Dear Dr. Boli: This afternoon I heard the most delightful music in the distance. So aetherial was the heavenly melody that at first I thought the angels were playing their harps, and I admit to having wondered momentarily whether my time had come. But recollecting that a trumpet was supposed to be involved when we are all called home, I ran to the porch, and perceived that the celestial melody approached nearer, until at last a vehicle, white as Gabriel’s chariot (if Gabriel has a chariot; perhaps you might address this question as well), appeared over the top of the hill. I shall not delay further, but cut to the point: the vehicle, it transpired, was filled with the most astonishing variety of frozen desserts, which I verily believe were sent from heaven itself, to be made available at reasonable prices for the refreshment of good people everywhere. I myself partook of what was described as a “Fudge Sickle,” though it bore no resemblance to the agricultural implement for which it seemed to be named. I have never been so pleased with a purchase in my life. A question, however, occurred to me as I read the fine print on the wrapping. What is a “quiescently frozen confection”? —Sincerely, The Really Quite Revd. Laurentius Thudwhumple, Cardinal Archbishop of Stanton Heights.
Dear Sir: A “quiescently frozen confection” is, as the term implies, a confection that didn’t put up a fight. Most species of the genus Confectio are stoical by nature, and would rather accept the inevitable than make an unseemly fuss. They are placid creatures, easily trapped, and nature has given them no real means of defending themselves. Brenneman’s Footlong Icie Delite (Confectio gracilis) occasionally attempts a desultory defense by dropping pieces of cold ice on an attacker’s feet; and the Wackee Twistee Frooti-Cane (Confectio cernua) may frighten potential predators with its vivid and colorful markings; but on the whole they are in no wise dangerous, and no special effort is required to catch them, bind them, and drop them into the freezer.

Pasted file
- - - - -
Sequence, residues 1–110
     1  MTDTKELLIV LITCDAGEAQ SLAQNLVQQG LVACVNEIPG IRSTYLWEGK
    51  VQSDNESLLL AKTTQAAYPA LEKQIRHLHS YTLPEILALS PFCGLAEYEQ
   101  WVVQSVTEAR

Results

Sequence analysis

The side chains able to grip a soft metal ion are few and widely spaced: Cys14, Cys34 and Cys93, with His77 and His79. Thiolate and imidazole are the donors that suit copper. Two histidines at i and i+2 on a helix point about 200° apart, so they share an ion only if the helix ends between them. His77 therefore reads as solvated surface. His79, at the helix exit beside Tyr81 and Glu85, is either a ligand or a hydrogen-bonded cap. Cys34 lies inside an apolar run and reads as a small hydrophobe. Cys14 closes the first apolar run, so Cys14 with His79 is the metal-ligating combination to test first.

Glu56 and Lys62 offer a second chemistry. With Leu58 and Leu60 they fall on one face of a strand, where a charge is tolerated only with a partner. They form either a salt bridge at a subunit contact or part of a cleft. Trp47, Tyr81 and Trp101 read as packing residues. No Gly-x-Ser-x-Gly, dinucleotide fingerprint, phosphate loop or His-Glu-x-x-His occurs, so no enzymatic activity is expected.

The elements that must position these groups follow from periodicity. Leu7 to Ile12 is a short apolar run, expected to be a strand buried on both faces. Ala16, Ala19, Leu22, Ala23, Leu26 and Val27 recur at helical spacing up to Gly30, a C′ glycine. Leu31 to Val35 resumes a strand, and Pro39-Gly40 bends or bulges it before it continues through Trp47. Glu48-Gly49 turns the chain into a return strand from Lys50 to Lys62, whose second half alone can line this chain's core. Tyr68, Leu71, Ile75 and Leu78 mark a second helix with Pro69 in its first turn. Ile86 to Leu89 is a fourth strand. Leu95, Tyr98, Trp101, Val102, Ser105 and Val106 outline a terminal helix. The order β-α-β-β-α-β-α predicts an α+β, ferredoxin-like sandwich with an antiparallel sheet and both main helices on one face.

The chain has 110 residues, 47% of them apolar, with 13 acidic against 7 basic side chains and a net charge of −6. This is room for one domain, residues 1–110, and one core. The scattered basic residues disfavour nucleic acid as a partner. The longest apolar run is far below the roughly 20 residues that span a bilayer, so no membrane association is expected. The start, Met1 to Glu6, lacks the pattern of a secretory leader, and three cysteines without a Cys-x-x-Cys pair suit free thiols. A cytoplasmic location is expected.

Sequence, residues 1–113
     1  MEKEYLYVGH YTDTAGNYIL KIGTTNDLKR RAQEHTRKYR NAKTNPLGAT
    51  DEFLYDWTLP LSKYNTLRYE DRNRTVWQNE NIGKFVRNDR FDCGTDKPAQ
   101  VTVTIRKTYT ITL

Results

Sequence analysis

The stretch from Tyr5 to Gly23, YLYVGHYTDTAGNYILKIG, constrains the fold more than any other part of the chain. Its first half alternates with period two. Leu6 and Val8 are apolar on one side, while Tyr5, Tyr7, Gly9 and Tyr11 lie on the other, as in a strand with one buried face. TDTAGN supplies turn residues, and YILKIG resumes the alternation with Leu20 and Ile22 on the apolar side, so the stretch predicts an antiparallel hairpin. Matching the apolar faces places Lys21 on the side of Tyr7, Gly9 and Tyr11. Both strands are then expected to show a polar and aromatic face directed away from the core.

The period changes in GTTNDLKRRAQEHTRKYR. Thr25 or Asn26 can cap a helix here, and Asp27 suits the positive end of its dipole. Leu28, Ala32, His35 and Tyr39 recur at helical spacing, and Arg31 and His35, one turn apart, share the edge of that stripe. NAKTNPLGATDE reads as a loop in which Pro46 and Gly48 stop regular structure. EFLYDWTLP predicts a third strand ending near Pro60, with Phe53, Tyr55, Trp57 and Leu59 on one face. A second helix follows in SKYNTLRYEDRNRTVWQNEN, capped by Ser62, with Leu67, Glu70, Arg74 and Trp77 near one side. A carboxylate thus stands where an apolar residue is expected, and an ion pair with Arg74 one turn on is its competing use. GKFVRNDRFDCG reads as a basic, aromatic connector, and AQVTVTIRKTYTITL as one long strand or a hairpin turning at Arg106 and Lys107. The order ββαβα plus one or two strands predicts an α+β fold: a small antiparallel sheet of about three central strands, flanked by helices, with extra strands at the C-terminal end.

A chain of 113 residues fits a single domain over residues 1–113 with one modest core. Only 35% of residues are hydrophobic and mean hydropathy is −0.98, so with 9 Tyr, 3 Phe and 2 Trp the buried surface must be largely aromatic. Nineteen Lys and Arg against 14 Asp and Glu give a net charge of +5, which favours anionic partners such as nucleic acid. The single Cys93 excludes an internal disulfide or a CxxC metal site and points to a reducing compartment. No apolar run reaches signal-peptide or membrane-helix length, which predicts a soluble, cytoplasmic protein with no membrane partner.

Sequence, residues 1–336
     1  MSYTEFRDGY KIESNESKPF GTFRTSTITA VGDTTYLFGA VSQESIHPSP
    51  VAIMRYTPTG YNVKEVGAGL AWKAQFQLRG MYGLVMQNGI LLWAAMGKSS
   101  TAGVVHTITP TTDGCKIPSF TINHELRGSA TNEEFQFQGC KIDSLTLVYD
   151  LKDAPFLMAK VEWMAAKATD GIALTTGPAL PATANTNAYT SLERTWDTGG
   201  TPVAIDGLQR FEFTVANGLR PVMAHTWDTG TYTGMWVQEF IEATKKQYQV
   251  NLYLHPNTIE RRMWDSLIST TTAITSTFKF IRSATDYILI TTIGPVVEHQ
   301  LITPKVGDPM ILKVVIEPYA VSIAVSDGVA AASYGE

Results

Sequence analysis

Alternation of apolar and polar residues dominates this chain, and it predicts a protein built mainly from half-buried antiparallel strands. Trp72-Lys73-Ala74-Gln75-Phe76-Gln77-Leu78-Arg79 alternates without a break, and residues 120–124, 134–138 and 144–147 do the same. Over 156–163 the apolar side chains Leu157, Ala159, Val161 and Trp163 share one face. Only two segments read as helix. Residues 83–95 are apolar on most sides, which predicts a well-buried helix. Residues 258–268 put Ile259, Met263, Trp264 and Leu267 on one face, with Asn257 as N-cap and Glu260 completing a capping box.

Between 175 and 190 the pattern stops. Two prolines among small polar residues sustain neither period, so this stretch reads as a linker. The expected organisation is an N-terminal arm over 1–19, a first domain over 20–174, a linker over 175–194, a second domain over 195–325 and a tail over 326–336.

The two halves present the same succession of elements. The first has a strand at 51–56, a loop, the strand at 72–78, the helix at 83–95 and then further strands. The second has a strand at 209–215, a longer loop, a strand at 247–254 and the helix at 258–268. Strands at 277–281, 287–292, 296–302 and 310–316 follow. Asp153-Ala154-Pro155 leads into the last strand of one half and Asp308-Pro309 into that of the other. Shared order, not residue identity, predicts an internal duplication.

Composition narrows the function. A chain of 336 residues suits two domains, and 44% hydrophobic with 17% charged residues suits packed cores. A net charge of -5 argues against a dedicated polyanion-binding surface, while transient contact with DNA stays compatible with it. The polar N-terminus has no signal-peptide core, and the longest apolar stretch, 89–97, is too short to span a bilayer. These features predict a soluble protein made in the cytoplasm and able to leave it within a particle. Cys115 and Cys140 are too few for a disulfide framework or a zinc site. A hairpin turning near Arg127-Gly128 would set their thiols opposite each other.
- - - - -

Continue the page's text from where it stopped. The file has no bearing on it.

The archangel Gabriel drives a Packard from the classic period, which is scrupulously maintained in as-new condition by the journeyman angels.
Dr. Boli wonders whether your question is at all representative of your homilies. He knows, and can recommend, a very good editor who might be able to tighten them up a bit.